Bitumen, ‘Dilbit’ and Pipelines – Just the Facts, Please
Posted August 22, 2012
Kudos to Oil Sands Fact Check for its efforts to keep the public discussion of energy from Canadian oil sands grounded in fact. They’ve just linked to a fact sheet that debunks a number of myths and falsehoods about oil sands and the pipelines that deliver Canadian crude to U.S. refineries.
These facts are timely, given a New York Times op-ed this week that’s fairly representative of the attacks on this abundant energy resource – depicting oil sands crude as uniquely dangerous and dirty and the pipeline systems that bring it to market as untrustworthy. Facts, please.
Bitumen – The crude derived from oil sands is called bitumen. It’s heavy and sour, meaning it has high sulfur content. In its raw form it’s too thick to flow through a pipeline. So after sand and water are centrifuged out, it’s mixed with diluents – usually natural gas condensate, naphtha or a mix of other light hydrocarbons – so it can go through the pipeline as diluted bitumen or “dilbit.”
Dilbit Corrosiveness – It’s no more corrosive than other heavy crude oils, like those produced in Venezuela, Mexico and California that have been transported via pipeline for decades. The fact sheet:
"The Battelle Memorial Institute (Battelle) developed a pipeline oil comparison index (POCI) assessing seven types of diluted bitumen from Canada against heavy sour crudes from Canada, Mexico, and Colombia. Corrosivity statistics of several types of diluted bitumen derived from the Canadian oil sands were compared against those of many other crude oils by Battelle … Six of the seven Canadian diluted bitumen crudes had a lower corrosivity than a blend of Western Canadian Blend, a conventional crude. All seven of the Canadian diluted bitumen crudes had a lower corrosivity than Mexican Maya crude and Colombian crude from the Rubiales Oil Field, which have been transported by U.S. pipelines for more than 40 years."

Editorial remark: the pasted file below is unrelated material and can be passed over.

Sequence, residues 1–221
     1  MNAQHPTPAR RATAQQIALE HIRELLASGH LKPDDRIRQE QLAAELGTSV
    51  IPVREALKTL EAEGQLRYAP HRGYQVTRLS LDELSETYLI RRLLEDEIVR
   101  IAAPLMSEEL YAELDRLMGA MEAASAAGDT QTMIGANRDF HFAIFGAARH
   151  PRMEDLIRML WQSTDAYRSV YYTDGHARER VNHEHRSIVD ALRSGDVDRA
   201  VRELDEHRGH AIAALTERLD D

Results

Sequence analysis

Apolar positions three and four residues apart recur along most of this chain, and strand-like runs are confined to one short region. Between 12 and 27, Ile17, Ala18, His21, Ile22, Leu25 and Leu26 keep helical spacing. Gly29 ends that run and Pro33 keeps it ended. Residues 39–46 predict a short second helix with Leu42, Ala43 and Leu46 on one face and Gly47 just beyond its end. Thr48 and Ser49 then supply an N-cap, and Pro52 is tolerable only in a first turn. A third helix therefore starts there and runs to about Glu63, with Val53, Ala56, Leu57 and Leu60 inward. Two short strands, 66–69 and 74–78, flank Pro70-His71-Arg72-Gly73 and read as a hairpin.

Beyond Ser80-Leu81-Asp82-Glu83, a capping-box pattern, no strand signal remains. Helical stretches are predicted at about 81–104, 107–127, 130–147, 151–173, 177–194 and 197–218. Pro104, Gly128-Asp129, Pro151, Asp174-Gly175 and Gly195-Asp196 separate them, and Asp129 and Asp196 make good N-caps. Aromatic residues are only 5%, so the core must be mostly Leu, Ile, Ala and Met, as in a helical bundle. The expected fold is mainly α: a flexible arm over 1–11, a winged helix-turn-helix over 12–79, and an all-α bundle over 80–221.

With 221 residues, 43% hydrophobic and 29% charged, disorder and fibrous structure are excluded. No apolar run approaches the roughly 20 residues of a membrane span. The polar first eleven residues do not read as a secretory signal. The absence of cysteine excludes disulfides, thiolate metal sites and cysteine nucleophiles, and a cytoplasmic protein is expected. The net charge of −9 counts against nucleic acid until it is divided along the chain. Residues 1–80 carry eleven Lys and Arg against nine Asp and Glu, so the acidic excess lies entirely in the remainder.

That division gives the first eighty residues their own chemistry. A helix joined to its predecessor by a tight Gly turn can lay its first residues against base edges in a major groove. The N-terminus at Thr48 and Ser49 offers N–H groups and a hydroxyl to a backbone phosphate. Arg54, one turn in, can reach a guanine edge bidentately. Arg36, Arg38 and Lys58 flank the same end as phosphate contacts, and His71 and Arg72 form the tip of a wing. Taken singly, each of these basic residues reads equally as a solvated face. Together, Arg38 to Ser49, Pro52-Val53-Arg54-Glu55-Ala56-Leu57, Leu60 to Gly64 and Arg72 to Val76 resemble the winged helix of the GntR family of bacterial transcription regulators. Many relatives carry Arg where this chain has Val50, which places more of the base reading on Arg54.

Quality Control – Like other crudes, dilbit has to meet quality standards for sediment and water content set by the Federal Energy Regulatory Commission. Pipeline operators are required to take samples of incoming batches before shipping them. They also take samples during transit. The fact sheet notes that federal pipeline regulations require:
"…that pipeline operators have a corrosion management program in place for their pipelines. This includes consideration of the use of corrosion inhibitors and cleaning pigs to reduce the likelihood of internal corrosion in pipelines."
The Safety Record – Dilbit has been transported safely for more than 25 years. U.S. Pipeline and Hazardous Materials Safety Administration accident reports since 2002 show zero internal corrosion-related releases from pipelines carrying dilbit. (As well, there are no known examples before 2002 of corrosion-caused failures on U.S. pipelines carrying dilbit.) Oil sands and pipeline opponents point to a 2010 release near Kalamazoo, Mich., but that resulted from external corrosion under disbonded coating. The accident had nothing to do with what was inside the pipe.
The fact sheet contains additional information worth digesting. Key to understand is that dilbit transport via pipeline isn’t new, dilbit isn’t some Frankenstein-like product and lots of care goes into shipping it. Also, pipelines are expensive, so they’re built to last a long time, and they’re built not to leak. Consider: It simply makes no sense for a company to invest billions in a project and then risk that investment by running a product through it that would cause it to fail.
About The Author
Mark Green joined API after a career in newspaper journalism, including 16 years as national editorial writer for The Oklahoman in the paper’s Washington bureau. Mark also was a reporter, copy editor and sports editor. He earned his journalism degree from the University of Oklahoma and master’s in journalism and public affairs from American University. He and his wife Pamela live in Occoquan, Va., where they enjoy their four grandchildren.
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